• 4 out of 5 stars
  • My favorite Bronte book

  • By Carole T. on 03-04-12

Brilliant

Overall
5 out of 5 stars

Reviewed: 02-11-08

This under-the-radar Bronte book is a cautionary tale. It is wonderfully narrated by both narrators.

It is an important book and stands easily with Wuthering Heights as a study in unfortunate marriage. It makes one long to read the definitive Bronte biographies.

Don't miss it.

10 of 10 people found this review helpful

  • The Memory of Running

  • By: Ron McLarty
  • Narrated by: Ron McLarty
  • Length: 13 hrs and 17 mins
  • Unabridged
  • Overall
    4 out of 5 stars 3,368
  • Performance
    4.5 out of 5 stars 1,529
  • Story
    4 out of 5 stars 1,521

In late 2003, in his column in Entertainment Weekly, Stephen King called The Memory of Running "the best novel you won't read this year." This glowing endorsement of the audiobook resulted in Ron McLarty receiving a $2 million two-book deal from Viking Penguin. Also, Warner Brothers has shelled out big bucks for the movie rights to The Memory of Running, for which McLarty will write the script.

  • 5 out of 5 stars
  • Funny and Fascinating, A Wonderful Book

  • By Ripp on 02-18-04

Really, really awful

Overall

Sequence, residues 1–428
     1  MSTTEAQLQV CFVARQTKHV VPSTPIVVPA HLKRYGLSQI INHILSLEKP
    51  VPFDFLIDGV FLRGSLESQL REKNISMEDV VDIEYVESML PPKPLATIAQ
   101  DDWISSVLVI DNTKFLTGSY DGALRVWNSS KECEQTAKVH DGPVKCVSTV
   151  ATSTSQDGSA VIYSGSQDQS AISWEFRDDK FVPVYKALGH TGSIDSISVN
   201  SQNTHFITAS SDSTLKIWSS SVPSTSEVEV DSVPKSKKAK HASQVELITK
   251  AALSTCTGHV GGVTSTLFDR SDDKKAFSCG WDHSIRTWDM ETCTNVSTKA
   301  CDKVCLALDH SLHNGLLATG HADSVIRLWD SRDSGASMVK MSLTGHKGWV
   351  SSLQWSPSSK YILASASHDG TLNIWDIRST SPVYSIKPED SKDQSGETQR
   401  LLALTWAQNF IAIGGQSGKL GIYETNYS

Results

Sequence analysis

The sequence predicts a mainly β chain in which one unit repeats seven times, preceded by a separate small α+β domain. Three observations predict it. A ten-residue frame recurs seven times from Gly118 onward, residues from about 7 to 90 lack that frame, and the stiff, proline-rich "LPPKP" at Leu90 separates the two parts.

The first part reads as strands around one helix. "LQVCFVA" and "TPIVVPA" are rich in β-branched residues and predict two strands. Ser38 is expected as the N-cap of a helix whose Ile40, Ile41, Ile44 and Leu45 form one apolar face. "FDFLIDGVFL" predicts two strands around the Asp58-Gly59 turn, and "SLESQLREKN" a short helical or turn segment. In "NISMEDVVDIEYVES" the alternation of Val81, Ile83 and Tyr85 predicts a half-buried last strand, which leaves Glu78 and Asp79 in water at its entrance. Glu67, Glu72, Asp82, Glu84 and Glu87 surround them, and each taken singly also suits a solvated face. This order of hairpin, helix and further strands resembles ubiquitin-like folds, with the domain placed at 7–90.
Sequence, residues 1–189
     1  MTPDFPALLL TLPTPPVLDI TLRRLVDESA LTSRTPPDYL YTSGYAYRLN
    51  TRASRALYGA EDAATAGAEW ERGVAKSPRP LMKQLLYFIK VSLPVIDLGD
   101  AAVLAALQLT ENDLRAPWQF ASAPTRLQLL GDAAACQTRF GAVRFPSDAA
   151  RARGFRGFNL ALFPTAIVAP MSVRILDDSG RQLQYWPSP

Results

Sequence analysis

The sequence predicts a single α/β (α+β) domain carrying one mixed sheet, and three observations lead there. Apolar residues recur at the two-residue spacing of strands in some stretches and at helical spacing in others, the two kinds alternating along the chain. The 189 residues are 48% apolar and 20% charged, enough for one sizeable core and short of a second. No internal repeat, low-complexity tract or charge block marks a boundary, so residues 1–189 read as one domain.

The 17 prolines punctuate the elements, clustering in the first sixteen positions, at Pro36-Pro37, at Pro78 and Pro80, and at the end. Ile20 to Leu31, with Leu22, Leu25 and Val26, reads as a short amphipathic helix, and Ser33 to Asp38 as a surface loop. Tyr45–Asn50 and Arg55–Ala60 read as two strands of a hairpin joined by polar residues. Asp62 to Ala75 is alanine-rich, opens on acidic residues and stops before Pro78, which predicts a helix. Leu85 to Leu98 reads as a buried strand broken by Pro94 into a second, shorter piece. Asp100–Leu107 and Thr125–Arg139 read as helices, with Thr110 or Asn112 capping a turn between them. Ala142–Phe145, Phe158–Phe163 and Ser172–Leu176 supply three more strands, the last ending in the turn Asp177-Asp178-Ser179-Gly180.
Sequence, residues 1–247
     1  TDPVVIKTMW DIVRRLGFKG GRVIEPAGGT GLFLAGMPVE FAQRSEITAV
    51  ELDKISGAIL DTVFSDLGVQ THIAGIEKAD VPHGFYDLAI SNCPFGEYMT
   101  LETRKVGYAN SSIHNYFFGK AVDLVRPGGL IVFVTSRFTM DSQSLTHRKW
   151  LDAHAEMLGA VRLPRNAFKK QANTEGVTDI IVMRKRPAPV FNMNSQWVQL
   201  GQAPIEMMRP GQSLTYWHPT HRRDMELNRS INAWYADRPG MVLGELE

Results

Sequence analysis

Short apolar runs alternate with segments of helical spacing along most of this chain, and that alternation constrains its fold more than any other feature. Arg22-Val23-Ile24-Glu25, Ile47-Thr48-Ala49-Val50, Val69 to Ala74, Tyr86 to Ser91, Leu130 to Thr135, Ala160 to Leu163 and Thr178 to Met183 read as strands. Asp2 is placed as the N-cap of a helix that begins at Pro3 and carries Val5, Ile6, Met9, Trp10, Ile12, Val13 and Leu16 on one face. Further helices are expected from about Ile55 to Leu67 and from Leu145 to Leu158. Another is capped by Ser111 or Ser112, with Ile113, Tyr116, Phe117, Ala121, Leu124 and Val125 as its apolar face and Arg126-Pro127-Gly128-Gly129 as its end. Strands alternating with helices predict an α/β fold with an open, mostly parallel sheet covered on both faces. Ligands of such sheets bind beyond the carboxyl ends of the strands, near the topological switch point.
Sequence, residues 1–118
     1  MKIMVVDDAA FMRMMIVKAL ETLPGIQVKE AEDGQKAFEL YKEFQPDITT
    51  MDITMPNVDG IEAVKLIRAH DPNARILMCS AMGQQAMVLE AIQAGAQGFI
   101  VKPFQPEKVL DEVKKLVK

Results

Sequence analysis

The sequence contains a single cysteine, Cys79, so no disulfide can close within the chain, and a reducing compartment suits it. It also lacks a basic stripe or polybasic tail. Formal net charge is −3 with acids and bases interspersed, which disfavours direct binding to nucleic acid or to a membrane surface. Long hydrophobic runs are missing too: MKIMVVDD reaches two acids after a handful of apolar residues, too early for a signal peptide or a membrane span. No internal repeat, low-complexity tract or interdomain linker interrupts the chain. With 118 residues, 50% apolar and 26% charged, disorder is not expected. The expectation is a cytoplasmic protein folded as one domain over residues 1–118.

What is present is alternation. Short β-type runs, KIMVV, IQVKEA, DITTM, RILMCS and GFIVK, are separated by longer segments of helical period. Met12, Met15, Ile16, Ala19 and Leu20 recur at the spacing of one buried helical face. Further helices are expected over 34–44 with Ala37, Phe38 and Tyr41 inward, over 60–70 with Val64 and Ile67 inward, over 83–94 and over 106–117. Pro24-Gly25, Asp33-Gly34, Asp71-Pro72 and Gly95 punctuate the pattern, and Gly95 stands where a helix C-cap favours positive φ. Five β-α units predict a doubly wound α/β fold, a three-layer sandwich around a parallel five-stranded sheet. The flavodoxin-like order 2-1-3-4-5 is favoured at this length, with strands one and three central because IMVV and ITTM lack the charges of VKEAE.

2 out of 5 stars

Reviewed: 12-31-07

If this is the best book I won't read this year
as Stephen King refers to it, then conversely, it is the worst book I did read.

I found it tedious, badly narrated, and unremarkable.

Pass.

1 of 2 people found this review helpful

  • Eat, Pray, Love

  • One Woman's Search for Everything Across Italy, India, and Indonesia
  • By: Elizabeth Gilbert
  • Narrated by: Elizabeth Gilbert
  • Length: 12 hrs and 49 mins
  • Unabridged
  • Overall
    4.5 out of 5 stars 10,432
  • Performance
    4.5 out of 5 stars 6,513
  • Story
    4.5 out of 5 stars 6,515

Around the time Elizabeth Gilbert turned 30, she went through an early-onslaught midlife crisis. She went through a divorce, a crushing depression, another failed love, and the eradication of everything she ever thought she was supposed to be. To recover from all this, Gilbert took a radical step. She got rid of her belongings, quit her job, and undertook a yearlong journey around the world, all alone. This is the absorbing chronicle of that year.

  • 5 out of 5 stars
  • An Inner Journey within an External One

  • By YoginiZora on 07-20-06

disappointing

Overall
2 out of 5 stars

Reviewed: 10-01-07

I was unable to finish listening to this book. This ia a rare occurrence for me.

I found the protagonist to be self absorbed to an extent that is unusual even in our culture.

Her collapse because her marriage and her adulterous affair fell apart is hardly a reason for sympathy. She is spoiled and selfish. Go whine somewhere else.



8 of 10 people found this review helpful

Falling audiobook cover art
  • Falling

  • By: Elizabeth Jane Howard
  • Narrated by: Alan Bates, Diana Quick
  • Length: 12 hrs and 45 mins
  • Unabridged
  • Overall
    3.5 out of 5 stars 11
  • Performance
    4.5 out of 5 stars 2
  • Story
    4 out of 5 stars 2